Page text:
Nickel-based electrodeposits for corrosion protection of smart card contacts
Vinod Kumar Murugan
Date of Issue2016-02-01
School of Materials Science and Engineering
Information Management Research Centre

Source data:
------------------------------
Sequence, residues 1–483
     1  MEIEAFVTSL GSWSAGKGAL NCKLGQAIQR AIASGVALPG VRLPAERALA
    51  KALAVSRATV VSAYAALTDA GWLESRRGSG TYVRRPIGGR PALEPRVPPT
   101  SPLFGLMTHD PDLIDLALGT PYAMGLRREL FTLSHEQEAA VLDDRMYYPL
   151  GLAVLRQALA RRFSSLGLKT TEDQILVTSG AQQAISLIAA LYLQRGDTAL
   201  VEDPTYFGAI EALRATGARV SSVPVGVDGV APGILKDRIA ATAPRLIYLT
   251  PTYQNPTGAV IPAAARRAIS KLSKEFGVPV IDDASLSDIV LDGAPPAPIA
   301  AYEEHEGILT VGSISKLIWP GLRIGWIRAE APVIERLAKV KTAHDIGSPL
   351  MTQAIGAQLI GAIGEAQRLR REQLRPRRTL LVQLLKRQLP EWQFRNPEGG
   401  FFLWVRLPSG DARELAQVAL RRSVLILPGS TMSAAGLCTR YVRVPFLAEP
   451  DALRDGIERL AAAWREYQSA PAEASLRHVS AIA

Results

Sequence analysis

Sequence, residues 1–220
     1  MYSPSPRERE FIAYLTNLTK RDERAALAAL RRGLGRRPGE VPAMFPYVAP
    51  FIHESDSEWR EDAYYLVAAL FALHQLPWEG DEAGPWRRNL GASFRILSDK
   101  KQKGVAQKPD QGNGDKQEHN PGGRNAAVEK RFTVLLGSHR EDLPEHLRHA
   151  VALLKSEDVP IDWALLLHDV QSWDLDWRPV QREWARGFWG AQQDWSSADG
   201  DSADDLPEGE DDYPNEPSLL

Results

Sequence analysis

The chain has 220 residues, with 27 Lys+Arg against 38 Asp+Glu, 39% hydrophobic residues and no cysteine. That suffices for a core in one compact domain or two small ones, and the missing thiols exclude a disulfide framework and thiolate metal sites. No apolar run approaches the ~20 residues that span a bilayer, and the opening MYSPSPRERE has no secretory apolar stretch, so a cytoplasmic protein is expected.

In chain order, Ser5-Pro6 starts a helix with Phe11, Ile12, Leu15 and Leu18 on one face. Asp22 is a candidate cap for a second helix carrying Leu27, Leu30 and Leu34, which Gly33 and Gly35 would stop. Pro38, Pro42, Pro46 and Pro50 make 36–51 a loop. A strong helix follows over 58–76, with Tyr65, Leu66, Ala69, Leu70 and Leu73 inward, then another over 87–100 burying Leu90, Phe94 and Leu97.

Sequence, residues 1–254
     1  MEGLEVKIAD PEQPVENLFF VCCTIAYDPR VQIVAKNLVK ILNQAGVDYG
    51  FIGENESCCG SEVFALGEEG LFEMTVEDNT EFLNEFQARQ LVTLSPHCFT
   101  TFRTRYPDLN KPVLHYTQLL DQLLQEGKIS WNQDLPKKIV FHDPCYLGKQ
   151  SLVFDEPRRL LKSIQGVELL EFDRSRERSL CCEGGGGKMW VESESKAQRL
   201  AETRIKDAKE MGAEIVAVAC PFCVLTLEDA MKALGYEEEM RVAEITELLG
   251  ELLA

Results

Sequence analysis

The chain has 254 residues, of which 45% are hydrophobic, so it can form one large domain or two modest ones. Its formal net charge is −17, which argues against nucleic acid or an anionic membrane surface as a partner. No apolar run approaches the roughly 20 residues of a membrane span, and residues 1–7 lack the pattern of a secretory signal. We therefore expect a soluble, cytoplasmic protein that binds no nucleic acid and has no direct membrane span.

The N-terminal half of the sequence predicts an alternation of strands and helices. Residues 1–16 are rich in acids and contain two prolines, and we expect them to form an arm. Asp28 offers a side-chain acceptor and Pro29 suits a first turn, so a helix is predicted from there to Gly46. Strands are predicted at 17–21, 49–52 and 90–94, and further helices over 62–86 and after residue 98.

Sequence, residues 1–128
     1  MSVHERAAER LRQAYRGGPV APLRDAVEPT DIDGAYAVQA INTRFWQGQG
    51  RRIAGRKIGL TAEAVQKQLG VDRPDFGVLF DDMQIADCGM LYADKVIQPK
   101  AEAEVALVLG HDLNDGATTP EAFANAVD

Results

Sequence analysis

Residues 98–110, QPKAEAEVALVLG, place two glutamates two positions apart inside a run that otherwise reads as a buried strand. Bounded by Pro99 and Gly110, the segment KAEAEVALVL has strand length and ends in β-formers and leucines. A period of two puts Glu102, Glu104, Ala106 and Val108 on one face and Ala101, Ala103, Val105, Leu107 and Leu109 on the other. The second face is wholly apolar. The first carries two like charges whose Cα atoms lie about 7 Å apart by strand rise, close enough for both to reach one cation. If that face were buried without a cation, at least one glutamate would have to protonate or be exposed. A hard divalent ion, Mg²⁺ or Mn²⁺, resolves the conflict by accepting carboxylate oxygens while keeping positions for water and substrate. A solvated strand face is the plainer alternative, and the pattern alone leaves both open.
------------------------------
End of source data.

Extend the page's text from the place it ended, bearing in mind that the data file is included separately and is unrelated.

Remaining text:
Reliability of smart cards depends extensively on the corrosion resistance of the electrical contacts they contain as these contacts are primarily exposed to the environment. Although corrosion as an entirety is a century old problem, the corrosion of thin electrical contacts has been rarely studied in a systematic manner. Cu is typically used as substrate material for electrical contacts and nickel based barrier layer coating have been essential to suppress copper diffusion through the gold topcoat. This thesis aims to bridge knowledge gaps in literature with regards to the corrosion behaviour of Ni and Ni-P barrier coated electrical contacts. Much work has been dedicated to the corrosion resistance of electroless Ni-P deposits but research on electrolytic deposits is limited. The impact of electrodepositing parameters on corrosion resistance has not been well documented. This thesis aids the understanding of the electrodepositing parameters and their implications on corrosion resistance. Moreover, corrosion behaviour due to different arrangement of thin Ni and Ni-P stacks (< 3 μm) is unknown. This thesis also explores different thin Ni and Ni-P stacks and its corrosion resistance to salt spray (SS) and mixed flowing gas (MFG) environments. The corrosion behaviour of these stacks, corrosion mechanism and causes of corrosion disparity have been also discussed in this report. The thesis is bounded by three main considerations viz., method and type of deposition, and corrosion testing methods. Electrodeposition was the choice of deposition technique, Ni and Ni-P electrodeposits were chosen barrier layers and lastly, accelerated tests which simulate atmospheric corrosion were employed. The research starts with a systematic study on the electrodepositing parameters and their influence on the corrosion resistance of electrical contacts. Corrosion products due to the neutral salt spray (NSS) and mixed flowing gas (MFG) tests were characterised through spectroscopic and diffractions studies. Electrical contacts exposed to NSS tests produced green corrosion residues which consist of CuCl (nantokite) and CuCl2(OH)3 (clinoatacamite) and brown residues which consist of Cu2O (cuprite). Electrical contacts exposed to MFG test produces copper sulfides (major) and nickel sulfides (minor). Also increasing the thickness of Ni consistently improved the corrosion resistance in both neutral NSS and MFG corrosion tests. However, the influence of Ni thickness on corrosion was overshadowed by the Ni-P thickness. Increasing the thickness of Ni-P deposits resulted in higher corrosion in the NSS environment and decreased corrosion under the MFG environment. Although initial results pointed towards a disparity that Ni-P may not be suitable for corrosion protection in environments with heavy chlorine concentration but appropriate for sulfur-containing corrosion media, subsequent in-depth studies revealed that this disparity was due to the high edge porosity caused by fast plating. Subsequently, the arrangement of Ni and Ni-P on Cu was hypothesised to affect the eventual corrosion resistance of an electrical contact. The thickness of the overall barrier layer was kept constant and different stacks such as Ni/Au (NA), Ni-P/Ni/Au (PNA), Ni-P/Au (PA), Ni/Ni-P/Au (NPA) and Ni-P/Ni/Ni-P/Au (PNPA) stacks were examined. The discrete and coalesced pits formed due to MFG were explained with a proposed dominant pit concept. Results showed that multi-layer stacks, such as PNA, NPA, PNPA, displayed worse corrosion resistance than single-layered stacks (NA, PA). Removing Ni and Ni-P interfaces was effective in inhibiting corrosion in NSS and MFG environments as Ni/Ni-P interfaces accelerate corrosion due to galvanic coupling. Corrosion pits propagated horizontally and vertically through Ni and Ni-P films, depending on the way Ni and Ni-P were arranged within a stack. Tunnelling corrosion through Ni-P turned distinct with a reduction in Ni-P thickness. This was attributed to possibly higher percentages of discontinuities (i.e. porosity) with decreasing thickness. The reducing thickness coupled with the galvanic coupling between Ni and Ni-P layers further worsened the corrosion in stacks such as Ni-P/Ni/Ni-P/Au. Based on the two aforementioned studies, disparity in corrosion resistance of Ni and Ni-P barrier layers under NSS and MFG corrosion tests was a recurring observation. When corrosion resistance of Ni/Au and Ni-P/Au stacks was assessed using NSS and MFG corrosion tests, each stack emerged superior in only one test. To explain this disparity, factors that could influence corrosion resistance were examined first, namely: internal stress, surface wettability and sulfur co-deposition. None of these factors could explain for the disparity in corrosion performance. Corrosion product analysis was then performed to understand the corrosion product formation due to NSS and MFG. Detailed pits analysis revealed that the disparity was caused by the porosity and corrosion product migration. These concepts were supported experimentally. Based on the understandings generated from the three main studies, some guidelines are proposed to improve the corrosion resistance of electronic contacts under the MFG and NSS corrosion tests. Optimisation of various parameters to generate the current stacking arrangement (i.e. Ni/Ni-P/Au) offer important but limited solution to enhance corrosion protection as individuals layers behave differently when coupled. Different stacking arrangements studied in this thesis show that single-layered stacks such as Ni/Au or Ni-P/Au offer better corrosion protection. The failure of bi-layered and tri-layered stacks does not necessarily stem from the design of such stacks but stem from the industrial practice to layer very thin coatings (such as Ni-P at 500 nm) on Ni under-plates. The increased defects in such thin Ni-P coatings accelerate galvanic corrosion due to difference in corrosion potentials and the small-anode-large-cathode phenomenon. The study on single layered stacks points to the most important aspect of this thesis. Ni-P as a single barrier layer deposited at lower current densities (≤ 1 ASD) and at higher thicknesses (≥ 2 µm) can improve overall good corrosion protection in both NSS and MFG corrosion tests.